Love it or hate it, Crypto’s vibe shift is now imminent

Last month, cultural critic Alison P. Davis released an article at The cut titled “A Vibe Shift is Coming. Will any of us survive?” The “vibe shift” Davis was referring to had nothing to do with crypto. She referred to a sea change in pop culture and social trends, particularly given GenZ’s continued rise to trendsetters and cultural relevance. Still, her positioning caught my eye because she aptly put the finger on something crucial that I also felt, especially in relation to crypto. The paradigm shift toward the next cultural moment—whatever it may be—is palpable, if not tangible. We can’t see it exactly, but we know it’s in the room. The specific conditions haven’t changed yet, but the mood has.

In the days following its release, “Vibe Shift” drew Twitter’s attention and, in many cases, ridicule. As silly as the term might be, it captures something real and similar happening in the crypto space. As ridiculous as it may sound at first, there is a mood shift taking place in crypto.

I like the term “vibe shift” because that’s what it’s all about: a feeling, a hunch, a mood, a tone, a vibe. In its brief history, crypto’s mood shifts have followed shifts in the technology itself. Crypto’s initial wild west, anything-goes optimism stemmed from bitcoins (Bitcoin) transition from a peer-to-peer (P2P) payment solution to a store of value, then got even more maniacal with the launch of Ethereum, which demonstrated the potential of smart contracts. This half-mad optimism became more serious and factual as decentralized finance (DeFi) based on legitimate Level 2 networks expanded. The development of non-fungible tokens (NFTs) brought artists and musicians on board, not the other way around.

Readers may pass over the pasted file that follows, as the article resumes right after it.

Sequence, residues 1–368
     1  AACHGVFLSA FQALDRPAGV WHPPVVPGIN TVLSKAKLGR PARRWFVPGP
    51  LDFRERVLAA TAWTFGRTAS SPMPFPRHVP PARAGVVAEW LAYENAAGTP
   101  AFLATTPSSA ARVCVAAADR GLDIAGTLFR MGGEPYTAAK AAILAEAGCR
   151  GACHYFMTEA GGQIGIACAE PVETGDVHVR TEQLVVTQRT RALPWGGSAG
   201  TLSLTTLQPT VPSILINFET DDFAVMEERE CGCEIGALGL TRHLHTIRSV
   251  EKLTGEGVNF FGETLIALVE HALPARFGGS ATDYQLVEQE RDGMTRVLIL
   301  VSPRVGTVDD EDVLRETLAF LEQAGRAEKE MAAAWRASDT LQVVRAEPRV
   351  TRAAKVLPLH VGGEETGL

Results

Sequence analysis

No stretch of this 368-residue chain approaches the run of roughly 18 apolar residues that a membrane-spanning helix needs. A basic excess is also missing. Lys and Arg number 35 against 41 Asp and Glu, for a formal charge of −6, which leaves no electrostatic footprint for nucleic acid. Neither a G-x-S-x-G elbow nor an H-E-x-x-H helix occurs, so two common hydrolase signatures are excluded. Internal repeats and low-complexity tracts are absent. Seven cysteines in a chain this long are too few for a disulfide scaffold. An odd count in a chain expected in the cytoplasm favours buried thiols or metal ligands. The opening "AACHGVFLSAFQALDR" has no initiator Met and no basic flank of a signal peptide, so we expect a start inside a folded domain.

Related: In Defense Of Crypto: Why Digital Currencies Deserve A Better Rep

That’s neither good nor bad, it’s just a fact. The technology determines the discourse in DeFi and crypto, so it also dictates the culture. That “that is no longer the case” is an argument that could only be made after the actual technology has reached a certain level of maturity and public legitimacy – which has happened with crypto and DeFi. A crypto “vibe shift” is a necessarily new concept, and it’s happening in a particularly interesting way.

In other words, how we talk about crypto is changing, but not in response to the technology itself. People are talking as if they have more influence in the game, and not just because they have their own capital invested in it. People are thinking bigger about crypto’s role within the world and not just in self-serving terms related to capitalizing on mainstream adoption.

From profit to politics

May I say we have become political? I first noticed it when Canadian truckers protested vaccination regulations. This topic lit up the crypto space and wasn’t entirely about agreeing or disagreeing with the convoy’s actual targets. In the face of a government freeze on traditional assets and the ban on standard fundraising platforms like GoFundMe, the Truckers turned to bitcoin and raised $900,000 in just a few days. Subsequent attempts by the Canadian government to freeze crypto assets linked to the convoy have met with only partial success. After an Ontario Superior Court judge issued an injunction freezing millions of dollars in crypto for the convoy, the crypto community responded with a mixture of protest and confusion. Multisignature wallet nunchuck had to reply publicly that, politics aside, they could not provide the subpoenaed information even if they wanted to: “We are a software vendor, not a custodian financial intermediary,” and one that still has no ability to confiscate its users’ assets.

Unease about truckers’ political positions aside, the crackdown has nonetheless broken some shackles in our space. The idea (which has become a reality) that a federal government could confiscate crypto assets with a court order and for at least partly ideological reasons goes against everything this community prides itself on. The Russian invasion of Ukraine only reinforced this feeling.